Rewriting Life

Gene-Therapy Cure Has Money-Back Guarantee

The most expensive drugs in history, or medicine’s biggest bargains? Gene therapy could be both.

A gene therapy will be offered for sale in Europe with a money-back guarantee, according to GlaxoSmithKline, the company commercializing it.

The treatment, called Strimvelis, is the first outright cure for a rare disorder to emerge from gene therapy, and its price tag of 594,000 euros ($665,000), announced last week, makes it one of the most expensive one-time treatments ever sold by a drug firm.

Now, we’ve learned, it’s also the first genetic fix to come with a warranty.

“The drug has to deliver what you say or we don’t pay,” says Luca Pani, director general of the Italian Medicines Agency, known as AIFA, which set the price and terms during negotiations with the British drug giant. “If it does not work, they will return the money.”

The treatment employs a virus to add a missing gene to the bone marrow of children with ADA-SCID, a sometimes fatal inability to fight infections. In a study involving eighteen children, carried out at a Milan hospital, all but three were cured outright.  

GSK bought rights to the treatment in 2010 and won approval earlier this year to sell it in Europe, but because of its complexity the company will offer it only in Milan, requiring families to travel and spend weeks there. That means the Italian price will apply to all of Europe, says Pani. 

By some measures, Strimvelis’s price counts as a bargain. The cost of a bone marrow transplant from another person—the established way to treat ADA-SCID—can reach $1 million. Some other patients get treated with enzyme injections that cost $250,000 a year. The expense of these drugs and the care needed for a sick child quickly add up to millions.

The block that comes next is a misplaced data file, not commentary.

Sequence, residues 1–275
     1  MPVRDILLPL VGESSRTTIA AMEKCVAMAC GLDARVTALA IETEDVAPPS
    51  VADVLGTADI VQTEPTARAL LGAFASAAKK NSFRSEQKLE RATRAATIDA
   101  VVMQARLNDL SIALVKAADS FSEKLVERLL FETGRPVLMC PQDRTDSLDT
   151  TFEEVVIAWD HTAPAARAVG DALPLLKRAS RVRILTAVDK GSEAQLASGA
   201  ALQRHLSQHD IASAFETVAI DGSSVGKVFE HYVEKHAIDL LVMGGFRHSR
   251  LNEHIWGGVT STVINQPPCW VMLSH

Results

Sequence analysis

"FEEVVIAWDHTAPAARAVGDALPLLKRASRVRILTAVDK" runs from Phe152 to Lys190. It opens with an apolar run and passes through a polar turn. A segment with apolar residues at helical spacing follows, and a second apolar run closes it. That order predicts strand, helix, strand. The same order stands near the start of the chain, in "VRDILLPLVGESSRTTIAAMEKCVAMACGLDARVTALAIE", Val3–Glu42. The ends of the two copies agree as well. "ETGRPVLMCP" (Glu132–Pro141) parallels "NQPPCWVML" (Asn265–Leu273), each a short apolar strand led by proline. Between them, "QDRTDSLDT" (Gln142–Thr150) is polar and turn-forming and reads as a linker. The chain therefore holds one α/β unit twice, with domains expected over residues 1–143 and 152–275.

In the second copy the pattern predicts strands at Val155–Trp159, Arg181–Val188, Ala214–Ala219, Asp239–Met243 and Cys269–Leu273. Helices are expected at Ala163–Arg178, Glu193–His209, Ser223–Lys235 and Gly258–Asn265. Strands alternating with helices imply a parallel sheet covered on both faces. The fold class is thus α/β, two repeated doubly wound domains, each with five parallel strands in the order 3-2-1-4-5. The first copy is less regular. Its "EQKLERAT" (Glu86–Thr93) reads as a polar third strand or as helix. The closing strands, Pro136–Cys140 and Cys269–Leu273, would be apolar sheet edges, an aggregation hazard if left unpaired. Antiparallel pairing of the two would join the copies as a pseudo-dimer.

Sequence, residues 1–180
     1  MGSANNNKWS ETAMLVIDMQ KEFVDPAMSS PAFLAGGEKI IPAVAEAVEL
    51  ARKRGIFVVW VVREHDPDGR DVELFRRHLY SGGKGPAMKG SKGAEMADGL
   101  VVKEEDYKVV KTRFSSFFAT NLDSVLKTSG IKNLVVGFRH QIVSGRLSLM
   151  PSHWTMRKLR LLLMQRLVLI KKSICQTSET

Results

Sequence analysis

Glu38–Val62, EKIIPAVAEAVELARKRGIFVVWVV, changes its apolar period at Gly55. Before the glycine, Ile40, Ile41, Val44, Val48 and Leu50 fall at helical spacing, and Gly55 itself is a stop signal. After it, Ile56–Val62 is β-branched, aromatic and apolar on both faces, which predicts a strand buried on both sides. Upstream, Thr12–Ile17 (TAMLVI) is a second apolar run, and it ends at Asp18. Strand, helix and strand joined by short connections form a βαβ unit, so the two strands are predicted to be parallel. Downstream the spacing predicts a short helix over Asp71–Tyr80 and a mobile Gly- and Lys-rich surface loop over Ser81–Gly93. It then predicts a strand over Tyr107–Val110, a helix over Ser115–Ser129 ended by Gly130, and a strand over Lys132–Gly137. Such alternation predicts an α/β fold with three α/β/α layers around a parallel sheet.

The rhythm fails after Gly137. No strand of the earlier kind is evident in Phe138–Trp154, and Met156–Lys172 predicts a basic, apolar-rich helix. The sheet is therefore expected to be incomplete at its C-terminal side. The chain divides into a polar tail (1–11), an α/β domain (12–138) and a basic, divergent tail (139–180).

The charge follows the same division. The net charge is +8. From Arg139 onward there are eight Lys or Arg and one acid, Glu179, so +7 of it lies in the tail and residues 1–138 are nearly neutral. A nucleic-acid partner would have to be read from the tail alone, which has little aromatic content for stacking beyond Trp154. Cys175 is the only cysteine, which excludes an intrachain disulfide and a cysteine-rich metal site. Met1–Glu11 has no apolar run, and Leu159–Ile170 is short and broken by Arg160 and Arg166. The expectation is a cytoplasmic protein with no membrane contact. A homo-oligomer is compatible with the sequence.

“I was expecting a higher price,” says Christian Hill, managing director with Map Biopharma, a consultancy in Cambridge, U.K. “My initial gut feeling was ‘Hmmm, that’s really surprising.’”

According to Pani, GSK approached the Italian agency with a price “nearly double” what was eventually settled on—or of about $1 million. But AIFA was in a strong negotiating position because the therapy had been developed in Italy with charitable donations. GSK declined to comment on the negotiations. “It’s really difficult, because everyone’s [economic] models involve regular drugs and these are not regular drugs,” says Pani. “It’s a symbol of the future, absolutely.”

The idea behind gene therapy is that a one-time correction to a patient’s DNA will lead to a lifelong cure. Strimvelis is the first treatment to be commercialized that lives up to the promise. But potential cures for hemophilia, a rare eye disease, and a fatal brain illness could reach the market next, and they could be similarly expensive.

The Italian agency is unusual in that it already imposes pay-for-performance rules on some cancer drugs. It maintains 135 patient registries to track how well they work and Pani says Italy has collected more than 250 million euros in refunds. Patients receiving GSK’s gene therapy will also be tracked in a registry, the company confirmed. Based on experience gained so far, GSK might end up refunding about one in six treatments. 

But the big question isn’t whether gene therapy costs too much—it’s whether companies can make any money at it, especially treating ultra-rare diseases. Only about a dozen children are born with ADA-SCID each year in Europe. Treating all of them would generate about $8 million in revenue—barely a blip for GSK, which sells $30 billion worth of drugs a year.

“Treating 12 kids a year—it’s just not commercially viable, at any price,” says Phil Reilly, a partner at Third Rock Ventures in Boston, who invests in gene-therapy companies. “But there are hundreds if not thousands of disorders that fall into this category. We need a new model for ultra-rare disorders, because we are going to develop these treatments.” Reilly says money-back guarantees and pay-as-you-go schemes are two ways to make high sticker prices palatable. 

GSK says it won’t make much money off Strimvelis. Instead, it sees the treatment as a way to help patients and gain experience with treatments involving cells and genes. It’s also working with a small company, Adaptimmune, to genetically alter immune cells to battle cancer. “We do not expect to recover all of the costs of building a platform to deliver gene and cell therapy from Strimvelis alone,” says Anna Padula, a spokesperson for GSK’s rare-diseases group. “We hope that Strimvelis will be the first of a number of innovative gene-therapy medicines that we will bring to patients.” The company recognizes, she adds, “that the industry will need to adapt the way in which medicines are priced and funded.”

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